FOCUS program:

Family-based Interventions (The FOCUS Program) for Men with Prostate Cancer and their Spouses/Partners. Designed to enhance the quality of life of individuals diagnosed with prostate cancer and their caregivers during all phases of the illness. (2007)

Study on implementation of program:

BRIGHT ideas:

Bright IDEAS: Problem-Solving Skills Training. Designed to help reduce the emotional distress in mothers of children recently diagnosed with cancer. (2005)

FACE-TC program:

Family-Centered Advance Care Planning for Teens with Cancer (FACE-TC). Designed to enhance the quality of life for cancer survivors and their caregivers. (2013)

The Touch, Caring, and Cancer program:

The Touch, Caring and Cancer Program. Designed to enhance the quality of life for cancer survivors and their caregivers. (2013)

Surviving Cancer Competently Intervention Program (SCCIP):

Designed to help individuals and their caregivers enhance their skills for coping with cancer. (2004)

The RTIPs website is a searchable database of evidence-based cancer control programs that provides program planners and public health practitioners easy and immediate access to: 1) programs tested in a research study, 2) publication(s) of the study findings, and 3) program products or materials used with a particular study population in a specific setting. Given that the programs on this site are based on evidence derived research studies, they may be particularly effective in serving the populations and communities in the settings in which they were originally tested.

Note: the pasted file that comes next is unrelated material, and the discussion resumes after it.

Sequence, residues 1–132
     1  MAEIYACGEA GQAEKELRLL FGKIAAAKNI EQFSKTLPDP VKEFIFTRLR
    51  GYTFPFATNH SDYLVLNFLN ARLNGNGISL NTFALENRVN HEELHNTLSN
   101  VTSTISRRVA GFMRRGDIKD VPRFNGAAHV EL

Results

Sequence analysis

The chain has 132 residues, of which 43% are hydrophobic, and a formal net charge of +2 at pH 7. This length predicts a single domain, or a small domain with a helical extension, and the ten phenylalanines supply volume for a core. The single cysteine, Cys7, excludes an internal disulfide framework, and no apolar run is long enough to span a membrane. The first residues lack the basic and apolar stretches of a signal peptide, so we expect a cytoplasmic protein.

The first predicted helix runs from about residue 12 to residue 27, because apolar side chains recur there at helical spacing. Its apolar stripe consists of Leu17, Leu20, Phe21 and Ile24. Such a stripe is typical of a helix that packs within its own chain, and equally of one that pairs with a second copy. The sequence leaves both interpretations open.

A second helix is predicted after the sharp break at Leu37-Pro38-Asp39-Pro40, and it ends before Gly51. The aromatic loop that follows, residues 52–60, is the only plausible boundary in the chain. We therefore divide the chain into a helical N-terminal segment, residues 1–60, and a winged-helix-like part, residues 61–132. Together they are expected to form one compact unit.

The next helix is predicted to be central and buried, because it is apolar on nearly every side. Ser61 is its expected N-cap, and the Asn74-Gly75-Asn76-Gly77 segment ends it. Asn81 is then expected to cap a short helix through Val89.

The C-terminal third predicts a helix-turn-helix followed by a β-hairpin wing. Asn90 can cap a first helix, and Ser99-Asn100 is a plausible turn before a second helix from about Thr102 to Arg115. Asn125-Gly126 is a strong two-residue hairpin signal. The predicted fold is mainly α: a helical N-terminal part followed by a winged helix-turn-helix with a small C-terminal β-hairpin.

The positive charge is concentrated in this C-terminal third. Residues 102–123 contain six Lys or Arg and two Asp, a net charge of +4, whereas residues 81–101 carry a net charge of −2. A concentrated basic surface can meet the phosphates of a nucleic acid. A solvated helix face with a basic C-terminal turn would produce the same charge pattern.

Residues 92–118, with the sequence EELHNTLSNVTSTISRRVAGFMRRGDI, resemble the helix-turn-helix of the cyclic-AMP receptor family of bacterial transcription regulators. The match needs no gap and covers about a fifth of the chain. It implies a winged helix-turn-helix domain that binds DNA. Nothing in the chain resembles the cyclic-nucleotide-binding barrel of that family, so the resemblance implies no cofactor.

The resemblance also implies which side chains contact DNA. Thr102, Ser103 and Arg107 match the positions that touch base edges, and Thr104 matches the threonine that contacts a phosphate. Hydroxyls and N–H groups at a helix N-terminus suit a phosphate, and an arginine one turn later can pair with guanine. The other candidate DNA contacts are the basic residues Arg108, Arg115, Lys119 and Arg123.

I am delighted to follow up

I am delighted to follow up on this discussion with some exciting news.

The Cancer Support Community (CSC) last week released a research report that found the scarcity of communication between patients and their care team about cost-of-care resulted in financial toxicity for patients living with cancer. In addition, nearly half (47 percent) of patients are identified as at risk for clinically significant levels of depression.

Key Findings from the report: 

  • 93 percent of patients said quality of life is a very important factor when weighing treatment options
  • 73 percent of patients reported not discussing the cost of care with their care team
  • 43 percent of patients noted lack of transportation as an obstacle stopping them from participating in a clinical trial
  • 30 percent of patients surveyed said they depleted their savings because of treatment costs

Insight into the Patient Experience: Cancer Experience Registry Report 2017 is the second report published by CSC’s Research and Training Institute using its repository of clinical data from the Cancer Experience Registry that includes over 12,000 patients and caregivers of 45 cancer types. 

Traditional big data helps us personalize treatment, but when you do not account for the patient’s attitudes, beliefs, and behaviors it can derail the entire treatment plan leading to poor quality of care and patient outcomes.

This report will help the patient and his or her care team identify areas where they can work together to improve communication. Furthermore, the tremendous growth of the Registry demonstrates that patients and caregivers want to join and share their cancer experience.

Along with the Insight report, CSC is releasing data from 10 Specialty Registries to identify the unique challenges of each cancer diagnosis including patients with breast cancer, chronic lymphocytic leukemia, chronic myeloid leukemia, lung cancer, melanoma, metastatic breast cancer, multiple myeloma, prostate cancer, and stomach (gastric and gastro-esophageal) cancer, as well as caregivers.